This gully, which is set behind the running line of roundabout, discharges via gravity into the tank via an 825mm diameter pipe. Due to a limit on discharge volume allowed into the local river Don (5l/sec) the tank is discharged via a pumped system back into the highway drainage system (20l/sec). A further measure has been added in the shape of an overflow, which will discharge onto the field area in the event of exceedance of the tank capacity.

The spoil generated by the installation of the tank was retained on site and used to greatly improve the football field facilities for the benefit of the local community.

In addition to the scheme having the benefit of significantly reducing congestion and journey times, this in turn has generated an improvement in air quality to ensure this complies for NO2 emissions. This was due to quicker and more efficient movement of traffic through the corridor, as well as reduced times when vehicles are standing stationary and the incidence of stop start manoeuvres.

The introduction of an enhanced crossing point in the form of a Toucan crossing, in conjunction with the existing footbridge facility, has seen improved safety for non-motorised users (NMUs) travelling between the estates, an increasingly important factor due to the location of schools.

The introduction of a bus gate from the adjacent Scotch Estate has resulted in a vast reduction in the number of ‘rat-runners’ using the route, which has increased safety on the estate as well as reducing conflicting manoeuvres on the A194 west bound carriageway.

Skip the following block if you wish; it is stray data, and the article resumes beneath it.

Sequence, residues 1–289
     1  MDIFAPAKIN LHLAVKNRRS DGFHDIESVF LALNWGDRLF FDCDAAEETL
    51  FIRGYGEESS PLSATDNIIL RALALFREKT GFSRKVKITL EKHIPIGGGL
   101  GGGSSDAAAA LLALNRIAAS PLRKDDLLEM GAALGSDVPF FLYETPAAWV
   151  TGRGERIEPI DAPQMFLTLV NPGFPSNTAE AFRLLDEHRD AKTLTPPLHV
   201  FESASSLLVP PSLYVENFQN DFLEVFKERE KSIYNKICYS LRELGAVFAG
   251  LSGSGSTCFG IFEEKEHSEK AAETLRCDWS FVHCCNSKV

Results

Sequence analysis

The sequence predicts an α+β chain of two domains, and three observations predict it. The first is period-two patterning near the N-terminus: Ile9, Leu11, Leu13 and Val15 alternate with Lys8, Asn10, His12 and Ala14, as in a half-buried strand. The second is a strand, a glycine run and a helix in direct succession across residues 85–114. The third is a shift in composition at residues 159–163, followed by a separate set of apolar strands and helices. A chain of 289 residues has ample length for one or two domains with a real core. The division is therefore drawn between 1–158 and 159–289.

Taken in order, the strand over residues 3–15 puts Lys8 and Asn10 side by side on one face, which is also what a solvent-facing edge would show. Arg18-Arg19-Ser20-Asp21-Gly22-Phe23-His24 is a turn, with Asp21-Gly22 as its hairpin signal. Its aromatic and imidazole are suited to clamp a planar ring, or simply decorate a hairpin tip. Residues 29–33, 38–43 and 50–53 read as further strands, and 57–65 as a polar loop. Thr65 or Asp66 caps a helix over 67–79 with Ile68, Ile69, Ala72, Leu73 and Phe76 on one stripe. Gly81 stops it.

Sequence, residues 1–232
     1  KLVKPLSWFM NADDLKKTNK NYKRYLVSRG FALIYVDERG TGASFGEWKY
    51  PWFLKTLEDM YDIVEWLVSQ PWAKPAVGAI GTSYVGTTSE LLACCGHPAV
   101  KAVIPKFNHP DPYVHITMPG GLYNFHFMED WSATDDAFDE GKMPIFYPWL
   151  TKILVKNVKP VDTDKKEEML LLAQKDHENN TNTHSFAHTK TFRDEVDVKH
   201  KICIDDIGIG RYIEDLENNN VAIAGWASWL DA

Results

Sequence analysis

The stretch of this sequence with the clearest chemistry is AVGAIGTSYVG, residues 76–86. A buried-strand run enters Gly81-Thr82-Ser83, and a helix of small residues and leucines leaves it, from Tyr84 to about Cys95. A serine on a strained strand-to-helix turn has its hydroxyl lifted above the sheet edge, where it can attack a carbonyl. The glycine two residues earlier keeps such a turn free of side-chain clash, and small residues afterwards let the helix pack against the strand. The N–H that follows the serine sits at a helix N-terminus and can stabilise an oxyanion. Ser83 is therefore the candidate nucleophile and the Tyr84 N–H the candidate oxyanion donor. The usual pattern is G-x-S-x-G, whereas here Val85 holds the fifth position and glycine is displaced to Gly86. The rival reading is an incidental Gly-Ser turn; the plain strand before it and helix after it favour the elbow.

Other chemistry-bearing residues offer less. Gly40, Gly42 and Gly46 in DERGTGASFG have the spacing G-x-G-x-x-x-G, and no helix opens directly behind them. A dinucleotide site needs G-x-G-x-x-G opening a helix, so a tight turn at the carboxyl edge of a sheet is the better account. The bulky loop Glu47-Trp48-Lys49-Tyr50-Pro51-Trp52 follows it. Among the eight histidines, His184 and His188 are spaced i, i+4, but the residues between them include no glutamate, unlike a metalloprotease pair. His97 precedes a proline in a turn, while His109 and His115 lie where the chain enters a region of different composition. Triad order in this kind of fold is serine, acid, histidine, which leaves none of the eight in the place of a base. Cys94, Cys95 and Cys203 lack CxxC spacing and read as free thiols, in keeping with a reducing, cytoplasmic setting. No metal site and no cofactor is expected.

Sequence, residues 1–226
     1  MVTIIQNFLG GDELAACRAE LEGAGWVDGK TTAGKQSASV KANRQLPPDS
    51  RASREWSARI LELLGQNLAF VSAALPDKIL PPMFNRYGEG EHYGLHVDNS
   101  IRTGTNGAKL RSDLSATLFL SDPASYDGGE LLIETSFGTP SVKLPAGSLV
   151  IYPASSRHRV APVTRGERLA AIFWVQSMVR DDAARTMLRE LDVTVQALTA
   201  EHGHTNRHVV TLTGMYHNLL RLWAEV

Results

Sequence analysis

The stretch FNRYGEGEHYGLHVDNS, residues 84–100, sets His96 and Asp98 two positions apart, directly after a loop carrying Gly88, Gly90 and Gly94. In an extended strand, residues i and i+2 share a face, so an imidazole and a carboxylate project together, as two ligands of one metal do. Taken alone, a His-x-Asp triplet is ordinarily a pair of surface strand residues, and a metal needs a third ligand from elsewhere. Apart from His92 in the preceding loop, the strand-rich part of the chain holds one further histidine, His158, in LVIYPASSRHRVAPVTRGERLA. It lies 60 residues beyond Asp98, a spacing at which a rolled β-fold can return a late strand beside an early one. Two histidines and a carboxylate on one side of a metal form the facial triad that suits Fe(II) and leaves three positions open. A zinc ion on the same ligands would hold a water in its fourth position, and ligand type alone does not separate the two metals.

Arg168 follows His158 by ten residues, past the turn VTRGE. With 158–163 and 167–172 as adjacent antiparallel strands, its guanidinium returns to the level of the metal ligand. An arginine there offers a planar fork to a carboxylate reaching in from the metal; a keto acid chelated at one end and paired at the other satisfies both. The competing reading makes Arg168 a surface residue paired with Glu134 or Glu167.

The decision to allow buses, as opposed to a total closure, was based on the limited number of services egressing from the estate per hour and the fact that they did not need to cross out of the nearside lane in front of increased volume of oncoming traffic. These improvements have resulted safer routes for NMUs and a safer environment within the estate, as well as a reduction of 36% in road traffic casualties*.

The scheme, which was designed by AECOM, delivered by Galliford Try and jointly funded by the Local Government Fund (£6.1m via the North East Local Enterprise Partnership and South Tyneside Council £1.4m), was completed on time and within budget and has since received a commendation at the regional Institution of Civli Engineers Robert Stephenson Awards.

Cllr Mark Walsh, lead member for housing and transport on South Tyneside Council, said: 'Lindisfarne was the first of a wider programme of strategic transport investment projects that aim to help reduce congestion and establish a strategic gateway into South Tyneside and we’re delighted with its success.

'Schemes such as this are futureproofing our road network by developing infrastructure to accommodate upcoming developments and reinforcing the economic potential of the A19.'

*Source: TADU (Traffic Accident Data Unit) which is a regional database for Tyne and Wear authorities